Spuds And The Kissing Fish

Rexburg, Idaho used to be largely a farming community. That's why every year in October the whole school got a two-week recess so a few teen-agers could help the farmers harvest potatoes. In colloquial terms, this was affectionately known as SPUD HARVEST! In the year 1982, my best friend, Helen, announced out of the clear blue that she got a job with Mr. Smith (yes, that is his real name and no he didn't look like Brad Pitt...more like a shriveled Mickey Rooney). Mr Smith was a farmer with a moderately-sized crop of potatoes. Helen said, "you could probably get a job with him too. You make lots of money."

So, that's how it all started. From then on, every year in high school, for two chilly weeks in the fall, I woke up at 6:00 AM, drove for 90 minutes to the farm, stood on a combine all day until 8 or 9 PM throwing off dirt clods and rotten potatoes. Then drove home, took a hot shower and collapsed into bed.

The best part of the story isn't how much money we made or how much fun we had flirting with the truck drivers. It certainly wasn't the fact that I had an endless supply of dirt chunks trying to escape from my nose, ears and eyes for weeks after harvest ended. My best memories weren't the potatoes that rode on the tractor's radiator all morning so we could dine on a welcomed hot baked potato for lunch, or singing at the top of our lungs to be heard over the noisy clank of the combine chains. The memory I cherish most isn't just what happened on the farm but rather what happened in my home.

Each night, before walking into the house, I would strip off my dirt-drenched clothes that smelled like an earthy mix of potato rot and sour earthworms (don't ask how I know what that smells like), and traipse into the house in my long johns: chilled to the bone, famished, filthy and fatigued. There my mother was waiting with open arms and an open kitchen. She would drop my clothes into the washing machine and serve me a hot meal. Not a hot meal as in a microwaved Lean Cuisine. A homemade hot meal. While the rest of the family was in bed, I would sit at the bar savoring the likes of swiss steak or beef stew with homemade wheat bread, and tell mom about my day, which had all the drama, excitement and variation of a funeral procession. And yet, she listened intently night after night to the humdrum stories of a dirt clod chucker.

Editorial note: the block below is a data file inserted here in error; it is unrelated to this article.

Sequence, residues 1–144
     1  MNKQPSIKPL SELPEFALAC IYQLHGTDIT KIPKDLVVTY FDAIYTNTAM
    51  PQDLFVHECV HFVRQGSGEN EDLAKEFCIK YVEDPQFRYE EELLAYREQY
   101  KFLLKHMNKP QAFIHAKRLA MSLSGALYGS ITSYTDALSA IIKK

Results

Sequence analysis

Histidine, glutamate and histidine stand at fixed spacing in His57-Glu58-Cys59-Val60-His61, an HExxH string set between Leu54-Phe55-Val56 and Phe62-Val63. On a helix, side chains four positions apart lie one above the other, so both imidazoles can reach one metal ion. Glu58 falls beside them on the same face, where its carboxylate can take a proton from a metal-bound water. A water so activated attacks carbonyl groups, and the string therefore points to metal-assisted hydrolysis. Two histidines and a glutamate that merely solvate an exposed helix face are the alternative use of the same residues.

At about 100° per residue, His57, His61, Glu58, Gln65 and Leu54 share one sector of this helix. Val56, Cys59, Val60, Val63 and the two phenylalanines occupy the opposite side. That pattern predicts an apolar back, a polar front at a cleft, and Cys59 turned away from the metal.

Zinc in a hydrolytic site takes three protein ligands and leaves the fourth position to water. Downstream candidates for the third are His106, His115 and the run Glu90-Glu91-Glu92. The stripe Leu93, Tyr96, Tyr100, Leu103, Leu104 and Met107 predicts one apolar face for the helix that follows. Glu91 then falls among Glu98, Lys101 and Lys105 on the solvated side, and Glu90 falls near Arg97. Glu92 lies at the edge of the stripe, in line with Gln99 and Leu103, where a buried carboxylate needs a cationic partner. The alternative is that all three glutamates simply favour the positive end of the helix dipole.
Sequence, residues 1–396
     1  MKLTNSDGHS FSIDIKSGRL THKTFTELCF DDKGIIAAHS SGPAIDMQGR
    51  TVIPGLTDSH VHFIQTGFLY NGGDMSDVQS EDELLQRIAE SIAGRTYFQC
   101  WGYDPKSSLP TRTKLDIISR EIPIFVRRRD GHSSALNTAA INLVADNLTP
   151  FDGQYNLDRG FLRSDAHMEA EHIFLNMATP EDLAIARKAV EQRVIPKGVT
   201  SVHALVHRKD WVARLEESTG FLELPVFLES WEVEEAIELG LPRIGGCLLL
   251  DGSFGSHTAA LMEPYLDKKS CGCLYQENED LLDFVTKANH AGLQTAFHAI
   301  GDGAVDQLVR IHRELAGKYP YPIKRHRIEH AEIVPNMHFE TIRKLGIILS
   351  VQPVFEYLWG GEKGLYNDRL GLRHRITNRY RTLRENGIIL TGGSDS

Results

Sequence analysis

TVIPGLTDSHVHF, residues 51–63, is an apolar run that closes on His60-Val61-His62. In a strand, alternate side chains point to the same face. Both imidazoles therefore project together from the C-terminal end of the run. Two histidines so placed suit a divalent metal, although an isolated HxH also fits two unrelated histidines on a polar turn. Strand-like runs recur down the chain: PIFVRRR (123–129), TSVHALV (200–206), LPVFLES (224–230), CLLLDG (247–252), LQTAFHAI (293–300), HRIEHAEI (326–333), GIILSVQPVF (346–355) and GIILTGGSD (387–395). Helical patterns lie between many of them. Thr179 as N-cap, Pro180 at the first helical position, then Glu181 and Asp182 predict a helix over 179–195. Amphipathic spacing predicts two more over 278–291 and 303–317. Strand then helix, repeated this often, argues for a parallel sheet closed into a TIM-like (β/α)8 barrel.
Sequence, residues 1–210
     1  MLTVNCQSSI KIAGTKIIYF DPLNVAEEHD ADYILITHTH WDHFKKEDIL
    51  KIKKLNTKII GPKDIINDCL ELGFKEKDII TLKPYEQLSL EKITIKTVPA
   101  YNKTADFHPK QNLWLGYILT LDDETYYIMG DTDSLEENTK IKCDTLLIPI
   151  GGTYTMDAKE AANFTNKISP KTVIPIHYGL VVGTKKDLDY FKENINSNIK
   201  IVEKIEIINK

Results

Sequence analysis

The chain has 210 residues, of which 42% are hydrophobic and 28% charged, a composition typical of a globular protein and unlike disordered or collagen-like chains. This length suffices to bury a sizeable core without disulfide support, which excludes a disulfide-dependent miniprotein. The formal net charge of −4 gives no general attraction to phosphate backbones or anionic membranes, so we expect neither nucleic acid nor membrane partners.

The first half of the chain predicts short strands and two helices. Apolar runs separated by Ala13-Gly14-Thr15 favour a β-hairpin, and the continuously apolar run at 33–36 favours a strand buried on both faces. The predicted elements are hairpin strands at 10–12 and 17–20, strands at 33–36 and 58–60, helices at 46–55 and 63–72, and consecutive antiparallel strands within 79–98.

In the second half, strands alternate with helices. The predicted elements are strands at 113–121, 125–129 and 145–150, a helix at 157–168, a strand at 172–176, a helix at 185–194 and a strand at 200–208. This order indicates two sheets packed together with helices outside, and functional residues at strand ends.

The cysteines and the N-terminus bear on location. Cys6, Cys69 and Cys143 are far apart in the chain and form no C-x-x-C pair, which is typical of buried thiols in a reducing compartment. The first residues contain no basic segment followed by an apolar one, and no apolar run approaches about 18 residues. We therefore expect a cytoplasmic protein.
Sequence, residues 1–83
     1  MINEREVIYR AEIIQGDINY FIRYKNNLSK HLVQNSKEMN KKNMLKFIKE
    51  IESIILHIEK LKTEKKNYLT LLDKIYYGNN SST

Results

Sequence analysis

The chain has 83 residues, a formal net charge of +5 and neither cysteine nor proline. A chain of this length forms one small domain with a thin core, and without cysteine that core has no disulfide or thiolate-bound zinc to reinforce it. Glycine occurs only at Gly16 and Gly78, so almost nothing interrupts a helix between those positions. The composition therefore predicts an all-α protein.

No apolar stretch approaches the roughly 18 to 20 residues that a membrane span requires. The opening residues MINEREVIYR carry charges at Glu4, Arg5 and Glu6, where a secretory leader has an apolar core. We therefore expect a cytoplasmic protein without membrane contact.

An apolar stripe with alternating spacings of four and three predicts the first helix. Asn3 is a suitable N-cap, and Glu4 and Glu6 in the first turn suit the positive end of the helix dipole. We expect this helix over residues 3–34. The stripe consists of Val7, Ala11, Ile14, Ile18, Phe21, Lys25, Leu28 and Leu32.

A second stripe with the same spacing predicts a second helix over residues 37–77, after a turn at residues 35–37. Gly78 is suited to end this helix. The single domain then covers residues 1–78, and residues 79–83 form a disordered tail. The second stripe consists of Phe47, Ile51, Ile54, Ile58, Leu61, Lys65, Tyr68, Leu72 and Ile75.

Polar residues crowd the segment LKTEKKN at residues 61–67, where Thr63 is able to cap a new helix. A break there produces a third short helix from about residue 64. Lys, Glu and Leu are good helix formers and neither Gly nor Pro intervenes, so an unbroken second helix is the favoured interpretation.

I feel that although my mom didn't get paid, she worked in the spuds right along with me. It was mom's cheerful greeting, her food, her company, her encouragement, her clothes washing, and her hugs that made harvest memorable. And bearable. Even pleasurable. I looked forward to the blessings of a loving mother and a delicious meal waiting at home every night. And this was the pattern, not just during spud harvest, but all throughout my years at home.

She not only fed me, but she taught me to fish.

When I was in the 8th grade, one day I came home from school and mom said, "How would you like to try out for the school musical?" Luckily, I knew what a musical was, but I didn't know that people like me could actually be in them. I had assumed starring in the ward roadshow was the pinnacle of my acting success. Having no real idea what this entailed, I said, "Sure. Ya. Why not?" Mom proceeded to tell me that try-outs were the following week and the lady who lived in our basement apartment, Susan Jeppeson, was a singer and would be happy to help me with some vocal coaching. This turned out to be the equivalent of Tiger Woods teaching Christopher Reeve to golf (post accident). Poor Susan didn't have much to work with.

But mom and I proceeded with the plan. We rented the movie Oklahoma and I was introduced to Ado Annie, the flirtacious, indecisive airhead (which, coincidentally, had as much resemblance to my own likeness as Tina Fey does to Sarah Palin). The day of try-outs arrived. Mom, Susan and I had choreographed some actions and I belted out "I Cain't Say No" like a trained marine mammal at Sea World. Luckily for me (not so much for the audience), the director suffered a mini-stroke right during my song and apparently liked it. And so...my acting career was borne. I loved being in that play. And not just because I got my first kiss (and my first rash of rumors about my kissing: that I kissed like a fish. But whose laughing now Will Parker... because now I really am a kissing Fish).

Will Parker (Alan Williams) and Ado Annie (moi) 1980, age 13

Ali Hakim (Rick Stallings) and Ado Annie

This love for dramatic arts continued throughout high school and still today. (In fact, I'll be on stage next week for... oh my gosh! A roadshow!!) I am so thankful to my mother who opened up new worlds and exposed me to new adventures. Like the time she asked if I wanted to be in the Hill Cumorah Pageant in NYC for a summer. I had no idea these kinds of opportunities existed. And yet, they have enriched my life and provided a life-time of fond memories and continued enjoyment.

Yes, I am thankful for a dear, dear mother who had (and still does) the wisdom to teach, the compassion to listen, the energy to provide sustenance, as well as the motivation and good sense to catapult me forward.

My beautiful mother

Four generations: Me, my mother Loni, grandmother Dorothy Gee, great grandmother Alice Stephenson

Graduation from University of Utah, Bachelor's in Nursing, 1987


lovely lady lessy. said...


your first kiss was a babe.
No, really, I would kiss that.

I mean, you know, if I could ever get the courage to kiss anyone.

Quinn said...

Your mother truly is a wonderful person, I loved your writing it was enjoyable to read.

jeremy said...

changed my mind - this was the best post so far.


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